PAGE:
This blog is finally starting to stimulate the kind of banter I had in mind. The discussion of web-based PACS has generated even more commentary. You can read the full versions by clicking on the “Comments” link below the last post. Here are some pertinent exerpts:
Once you are in the application (after it is launched), the web is really out of the equation. You are running an application that is installed on your local machine. Most (all I would hope) applications have some capability to auto download new clients as they are available. So, to make a long story short, web or not, if an application can be downloaded and installed/configured from a web browser and if that same application will communicate on standard web ports, then to me everything else is the same.”
Peter then comments:
I would much rather see a well designed, small fat client install which uses the internet to communicate to a backend database than…a “thin” web app…..An easily available web site with a small, intuitive install would be so much more preferable to a web app. Limiting the customizations possible by the end-user saves a lot of support time in the long run.”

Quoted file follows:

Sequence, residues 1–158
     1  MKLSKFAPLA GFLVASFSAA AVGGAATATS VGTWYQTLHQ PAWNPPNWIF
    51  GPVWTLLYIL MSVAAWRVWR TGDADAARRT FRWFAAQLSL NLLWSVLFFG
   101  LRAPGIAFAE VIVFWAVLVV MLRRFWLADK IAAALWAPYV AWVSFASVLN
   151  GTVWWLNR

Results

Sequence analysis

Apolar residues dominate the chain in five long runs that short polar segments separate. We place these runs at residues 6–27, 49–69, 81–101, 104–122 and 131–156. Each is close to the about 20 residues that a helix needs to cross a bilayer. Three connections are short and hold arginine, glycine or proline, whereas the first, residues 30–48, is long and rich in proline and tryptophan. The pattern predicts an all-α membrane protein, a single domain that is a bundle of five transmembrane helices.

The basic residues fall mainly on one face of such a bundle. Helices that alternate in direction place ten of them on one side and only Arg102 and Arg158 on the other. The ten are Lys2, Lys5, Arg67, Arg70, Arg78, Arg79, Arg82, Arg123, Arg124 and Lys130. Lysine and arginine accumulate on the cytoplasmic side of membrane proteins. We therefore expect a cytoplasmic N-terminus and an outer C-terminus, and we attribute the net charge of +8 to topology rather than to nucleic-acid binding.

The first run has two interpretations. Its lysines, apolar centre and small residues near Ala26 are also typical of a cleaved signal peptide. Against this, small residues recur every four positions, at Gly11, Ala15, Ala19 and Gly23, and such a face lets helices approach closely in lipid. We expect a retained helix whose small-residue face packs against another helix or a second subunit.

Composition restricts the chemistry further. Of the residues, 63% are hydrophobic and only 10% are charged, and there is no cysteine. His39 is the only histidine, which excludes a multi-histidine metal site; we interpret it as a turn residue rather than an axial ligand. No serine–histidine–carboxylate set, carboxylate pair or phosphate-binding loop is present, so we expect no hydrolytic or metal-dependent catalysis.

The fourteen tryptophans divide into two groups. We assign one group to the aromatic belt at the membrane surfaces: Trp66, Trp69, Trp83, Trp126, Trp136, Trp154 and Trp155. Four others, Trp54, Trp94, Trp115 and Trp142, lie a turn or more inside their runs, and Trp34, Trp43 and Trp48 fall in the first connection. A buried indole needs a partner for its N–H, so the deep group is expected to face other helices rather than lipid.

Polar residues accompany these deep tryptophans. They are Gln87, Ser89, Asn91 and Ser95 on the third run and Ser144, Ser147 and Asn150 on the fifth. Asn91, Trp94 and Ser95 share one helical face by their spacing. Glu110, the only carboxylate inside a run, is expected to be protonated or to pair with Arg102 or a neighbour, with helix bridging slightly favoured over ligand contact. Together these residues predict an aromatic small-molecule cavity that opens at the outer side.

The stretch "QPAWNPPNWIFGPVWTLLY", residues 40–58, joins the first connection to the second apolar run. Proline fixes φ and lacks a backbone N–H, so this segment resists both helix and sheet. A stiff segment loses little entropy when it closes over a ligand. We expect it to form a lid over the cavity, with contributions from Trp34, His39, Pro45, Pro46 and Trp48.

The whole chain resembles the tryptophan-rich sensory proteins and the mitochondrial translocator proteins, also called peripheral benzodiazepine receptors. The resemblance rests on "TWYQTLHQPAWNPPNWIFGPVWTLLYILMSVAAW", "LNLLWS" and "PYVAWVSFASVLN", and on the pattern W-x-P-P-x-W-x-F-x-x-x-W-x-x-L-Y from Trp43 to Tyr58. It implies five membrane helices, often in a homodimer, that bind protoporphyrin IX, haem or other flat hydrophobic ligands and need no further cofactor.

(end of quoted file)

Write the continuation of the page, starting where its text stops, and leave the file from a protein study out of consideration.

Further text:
Uhhhh…can a client be small and fat? Sorry, don’t set me up with a straight line! I think we all may be talking about the same thing, but with different buzz words. Let’s take a look at the way a generic “web-based” system functions, and see where we might have some common ground on this part of the wider issue….
Those I’ve tried all seem to work a good deal like both Anonymous and Peter suggest. You go to a web-site with your browser which acts as a gateway. Once you have logged in, the actual viewing client is examined and updated if needed, then launched. This client is generally a Java applet or Active X control or the like. A third component acts as a conduit for the image transmission through the web (usually on https port 443), and a worklist of some sort is displayed within the brower, either with HTML or maybe Java. If you have Voxar 3D, that is a completely separate program that either taps your PACS database or intertwines somehow with locally-cached images.
Now, what do we mean by “thin” and “thick” clients? Here is one of the better definitions I found whilst Googling, from
“Solving the ‘thin client’—‘thick client’ dilemma” by Robert Barnett in “A Forms Perspective”:
A simple program or hardware device that relies on having most or all of its functionality supplied by a network server. It is similar to a dumb terminal in that it gets all of its information from the network. For example, a simple HTML form filled out in a web browser is considered to be processed by a ‘thin client’ since much of the form’s functionality is supplied by the server.